Truman  (2015)    FilmRise/Comedy-Drama    RT: 108 minutes    No MPAA rating (language, sexual content, drug material, thematic elements)    Director: Cesc Gay    Screenplay: Tomas Aragay and Cesc Gay    Music: Nico Cota and Toti Soler    Cinematography: Andreu Rebes    Release date: April 21, 2017 (Philadelphia, PA)    Cast: Ricardo Darin, Javier Camara, Dolores Fonzi, Elvira Minguez, Oriol Pla, Alex Brendemuhl, Pedro Casablanc, Jose Luis Gomez, Javier Gutierrez Alvarez, Nathalie Poza, Agata Roca, Susi Sanchez, Silvia Abascal.      Spoken in Spanish w/English subtitles



 In Cesc Gray’s low-key comedy-drama Truman, a dying man goes about setting his affairs in order, an undertaking that includes finding a home for his aged dog, the lumbering mastiff that gives the movie its title. Oddly enough, the titular pooch gets precious little screen time. Truman mainly focuses on Julian (Darin, The Secret in Their Eyes), an actor in the final stages of terminal cancer. He knows the end is near and wants to go out on his own terms meaning he’s opted to discontinue chemo as, at this point, it only delays the inevitable.

truman-poster Not everybody is on board with his decision. His best friend Tomas (Camara, I’m So Excited) flies in from Montreal to try and talk some sense into him. He soon realizes it’s an exercise in futility; Julian has made up his mind, the only thing he can do is be there for him for a few days until he has to return home. Tomas accompanies Julian as he visits the veterinarian to ask if dogs grieve for lost loved ones. He spends more time there than he does at his own doctor’s office. Over the next four days, Julian goes around saying his goodbyes. He makes amends to people he wronged in the past like the old friend whose marriage he destroyed by sleeping with his wife. He and Tomas also take an impromptu trip to Amsterdam to visit Julian’s son Nico (Pla), a college student who doesn’t know he’s dying.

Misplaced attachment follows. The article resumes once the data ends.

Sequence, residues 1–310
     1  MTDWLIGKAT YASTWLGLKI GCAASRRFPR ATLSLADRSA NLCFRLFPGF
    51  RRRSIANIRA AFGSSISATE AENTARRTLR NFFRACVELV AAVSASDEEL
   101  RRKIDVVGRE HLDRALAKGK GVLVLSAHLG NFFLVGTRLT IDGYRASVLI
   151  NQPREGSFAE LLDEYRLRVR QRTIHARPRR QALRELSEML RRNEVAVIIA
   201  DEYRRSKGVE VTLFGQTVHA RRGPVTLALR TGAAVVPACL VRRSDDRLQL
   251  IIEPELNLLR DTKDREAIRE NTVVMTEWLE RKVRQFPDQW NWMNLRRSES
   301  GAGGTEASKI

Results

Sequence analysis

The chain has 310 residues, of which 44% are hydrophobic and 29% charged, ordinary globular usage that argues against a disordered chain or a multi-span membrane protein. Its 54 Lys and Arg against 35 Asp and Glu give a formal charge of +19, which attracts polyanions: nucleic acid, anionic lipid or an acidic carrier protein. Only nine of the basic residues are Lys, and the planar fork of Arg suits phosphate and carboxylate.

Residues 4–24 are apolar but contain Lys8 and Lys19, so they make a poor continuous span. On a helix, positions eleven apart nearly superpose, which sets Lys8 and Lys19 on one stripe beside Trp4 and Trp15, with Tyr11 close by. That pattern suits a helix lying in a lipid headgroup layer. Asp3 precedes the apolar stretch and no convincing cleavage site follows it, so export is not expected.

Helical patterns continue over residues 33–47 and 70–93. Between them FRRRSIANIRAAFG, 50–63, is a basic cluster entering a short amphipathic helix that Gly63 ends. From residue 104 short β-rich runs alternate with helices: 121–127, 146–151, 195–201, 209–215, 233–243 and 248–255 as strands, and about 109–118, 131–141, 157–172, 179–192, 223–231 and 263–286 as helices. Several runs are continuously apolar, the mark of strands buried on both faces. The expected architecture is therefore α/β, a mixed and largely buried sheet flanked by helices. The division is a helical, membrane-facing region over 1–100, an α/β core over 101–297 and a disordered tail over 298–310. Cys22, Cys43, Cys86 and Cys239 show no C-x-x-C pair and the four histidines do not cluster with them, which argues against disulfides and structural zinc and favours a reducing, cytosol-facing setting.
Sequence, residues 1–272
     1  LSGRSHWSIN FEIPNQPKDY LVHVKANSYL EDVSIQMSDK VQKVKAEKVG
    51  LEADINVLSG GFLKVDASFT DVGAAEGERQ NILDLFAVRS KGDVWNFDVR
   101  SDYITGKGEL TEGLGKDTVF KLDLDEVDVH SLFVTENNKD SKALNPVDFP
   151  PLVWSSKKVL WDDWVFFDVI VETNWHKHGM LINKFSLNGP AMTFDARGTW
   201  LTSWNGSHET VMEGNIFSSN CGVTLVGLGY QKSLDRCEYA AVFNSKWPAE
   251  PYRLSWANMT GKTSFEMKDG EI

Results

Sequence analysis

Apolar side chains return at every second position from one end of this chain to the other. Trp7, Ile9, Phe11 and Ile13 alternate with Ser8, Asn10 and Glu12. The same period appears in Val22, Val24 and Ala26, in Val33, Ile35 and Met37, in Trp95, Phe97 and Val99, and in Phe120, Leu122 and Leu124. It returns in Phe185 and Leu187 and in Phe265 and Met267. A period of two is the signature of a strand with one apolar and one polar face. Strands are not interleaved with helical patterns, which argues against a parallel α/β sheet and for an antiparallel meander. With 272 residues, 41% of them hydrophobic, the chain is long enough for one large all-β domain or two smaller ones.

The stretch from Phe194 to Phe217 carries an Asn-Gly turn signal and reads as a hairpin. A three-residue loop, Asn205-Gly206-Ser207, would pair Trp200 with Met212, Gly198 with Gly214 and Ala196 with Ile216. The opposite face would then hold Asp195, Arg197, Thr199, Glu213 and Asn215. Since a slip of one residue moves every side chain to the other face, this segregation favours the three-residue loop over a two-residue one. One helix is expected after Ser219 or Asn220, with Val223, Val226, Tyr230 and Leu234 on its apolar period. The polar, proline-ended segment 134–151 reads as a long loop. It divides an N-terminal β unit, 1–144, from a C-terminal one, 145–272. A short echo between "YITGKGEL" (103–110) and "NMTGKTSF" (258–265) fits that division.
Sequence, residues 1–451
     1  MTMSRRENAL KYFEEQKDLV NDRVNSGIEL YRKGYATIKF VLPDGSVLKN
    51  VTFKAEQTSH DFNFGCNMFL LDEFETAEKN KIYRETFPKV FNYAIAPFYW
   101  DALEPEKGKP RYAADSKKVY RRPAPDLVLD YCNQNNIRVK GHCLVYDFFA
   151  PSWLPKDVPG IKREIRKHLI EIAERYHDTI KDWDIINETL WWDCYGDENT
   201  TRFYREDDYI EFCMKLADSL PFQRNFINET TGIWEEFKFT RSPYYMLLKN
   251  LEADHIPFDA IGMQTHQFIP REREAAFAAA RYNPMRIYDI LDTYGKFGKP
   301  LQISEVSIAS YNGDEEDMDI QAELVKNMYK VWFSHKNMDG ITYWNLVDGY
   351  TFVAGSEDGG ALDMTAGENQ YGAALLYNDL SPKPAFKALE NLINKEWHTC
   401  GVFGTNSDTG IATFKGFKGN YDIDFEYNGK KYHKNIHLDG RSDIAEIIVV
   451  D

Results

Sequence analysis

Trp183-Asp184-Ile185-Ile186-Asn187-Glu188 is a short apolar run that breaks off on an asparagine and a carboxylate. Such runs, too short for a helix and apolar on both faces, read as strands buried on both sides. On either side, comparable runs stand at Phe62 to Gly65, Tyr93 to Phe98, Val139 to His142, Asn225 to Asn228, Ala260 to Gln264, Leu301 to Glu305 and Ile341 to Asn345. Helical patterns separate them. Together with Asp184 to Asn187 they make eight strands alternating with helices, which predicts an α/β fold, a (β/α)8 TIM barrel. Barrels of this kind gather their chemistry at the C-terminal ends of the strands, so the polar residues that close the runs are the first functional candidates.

While sad, Truman never gets mawkish or melodramatic. Julian invites sympathy rather than pity. We understand that, for him, it’s a matter of pride and dignity to leave this world on his own terms. He’s long since accepted his oncoming demise. In one scene, he even makes arrangements for his own funeral. Truman has its share of humor which makes sense because there’s a very fine line between laughing and crying. Darin turns in an excellent performance as Julian, a man who’s done some not-so-nice things in his life. He needs to make things as right as possible before he dies. Camara is also very good as Tomas, the friend who has a hard time expressing his feelings of grief. He loves his friend very much and isn’t ready to say goodbye.

 Cesc Gray makes great use of the Madrid locations. The muted cinematography is a perfect fit for the movie’s emotional restraint. Truman doesn’t delve too deeply into bigger issues like the right to die on one’s own terms. We don’t get any heated debates on the matter although a couple of characters make their feelings clear. Truman is also fairly predictable in terms of its final outcome. Let’s just say that it’s obvious where Truman will end up going. Even so, it’s still a fairly affecting drama about death and friendship. You may even shed a few tears but not because the screenwriters demand it. If you cry, it’ll be on your own terms. 

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